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Front Neurosci. 2019 Jan 29;13:5. doi: 10.3389/fnins.2019.00005. eCollection 2019.

Ketogenic Diet and Epilepsy: What We Know So Far.

Author information

1
Epilepsy Department, Paulo Niemeyer State Brain Institute, Rio de Janeiro, Brazil.
2
Neurology Department, Federal Fluminense University, Rio de Janeiro, Brazil.
3
Neurology Department, Rio de Janeiro State University, Rio de Janeiro, Brazil.

Abstract

The Ketogenic Diet (KD) is a modality of treatment used since the 1920s as a treatment for intractable epilepsy. It has been proposed as a dietary treatment that would produce similar benefits to fasting, which is already recorded in the Hippocratic collection. The KD has a high fat content (90%) and low protein and carbohydrate. Evidence shows that KD and its variants are a good alternative for non-surgical pharmacoresistant patients with epilepsy of any age, taking into account that the type of diet should be designed individually and that less-restrictive and more-palatable diets are usually better options for adults and adolescents. This review discusses the KD, including the possible mechanisms of action, applicability, side effects, and evidence for its efficacy, and for the more-palatable diets such as the Modified Atkins Diet (MAD) and the Low Glycemic Index Diet (LGID) in children and adults.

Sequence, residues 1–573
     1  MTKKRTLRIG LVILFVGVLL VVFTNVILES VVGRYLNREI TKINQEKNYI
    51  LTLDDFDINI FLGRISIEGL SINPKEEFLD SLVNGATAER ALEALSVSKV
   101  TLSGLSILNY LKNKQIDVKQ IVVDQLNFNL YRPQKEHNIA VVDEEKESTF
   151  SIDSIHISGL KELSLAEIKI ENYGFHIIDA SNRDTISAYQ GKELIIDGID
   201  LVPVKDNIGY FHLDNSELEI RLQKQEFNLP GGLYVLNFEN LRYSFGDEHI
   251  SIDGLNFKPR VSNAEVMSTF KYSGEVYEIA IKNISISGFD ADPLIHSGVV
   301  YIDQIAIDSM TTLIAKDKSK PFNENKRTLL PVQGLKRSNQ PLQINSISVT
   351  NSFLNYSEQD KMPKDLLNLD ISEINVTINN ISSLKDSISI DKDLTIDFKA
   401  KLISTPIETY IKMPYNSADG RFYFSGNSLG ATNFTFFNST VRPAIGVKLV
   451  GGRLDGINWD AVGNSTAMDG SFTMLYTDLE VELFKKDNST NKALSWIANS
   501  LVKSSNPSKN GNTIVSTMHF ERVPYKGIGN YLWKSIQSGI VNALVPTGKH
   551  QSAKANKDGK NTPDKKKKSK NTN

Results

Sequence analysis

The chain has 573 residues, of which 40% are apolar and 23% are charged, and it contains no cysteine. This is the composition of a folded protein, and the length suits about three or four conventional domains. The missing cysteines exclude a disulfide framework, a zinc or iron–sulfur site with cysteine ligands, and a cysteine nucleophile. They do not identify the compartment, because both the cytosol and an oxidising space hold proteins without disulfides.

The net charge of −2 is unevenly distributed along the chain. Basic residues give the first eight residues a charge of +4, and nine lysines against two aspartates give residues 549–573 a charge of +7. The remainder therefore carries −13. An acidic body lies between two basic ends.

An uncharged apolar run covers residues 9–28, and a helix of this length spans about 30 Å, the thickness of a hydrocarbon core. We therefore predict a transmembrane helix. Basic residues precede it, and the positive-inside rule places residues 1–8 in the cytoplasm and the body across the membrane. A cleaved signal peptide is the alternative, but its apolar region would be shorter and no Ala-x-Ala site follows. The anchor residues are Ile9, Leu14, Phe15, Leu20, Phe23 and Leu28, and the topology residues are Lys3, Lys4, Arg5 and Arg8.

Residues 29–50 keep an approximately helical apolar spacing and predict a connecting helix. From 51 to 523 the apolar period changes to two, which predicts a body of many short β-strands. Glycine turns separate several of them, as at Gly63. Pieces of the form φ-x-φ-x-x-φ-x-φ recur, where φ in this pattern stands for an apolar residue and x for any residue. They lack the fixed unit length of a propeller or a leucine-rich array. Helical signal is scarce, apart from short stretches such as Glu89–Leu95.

KEYWORDS:

diet therapy; ketogenic diet; low glycemic index; modified Atkins diet; refractory epilepsy

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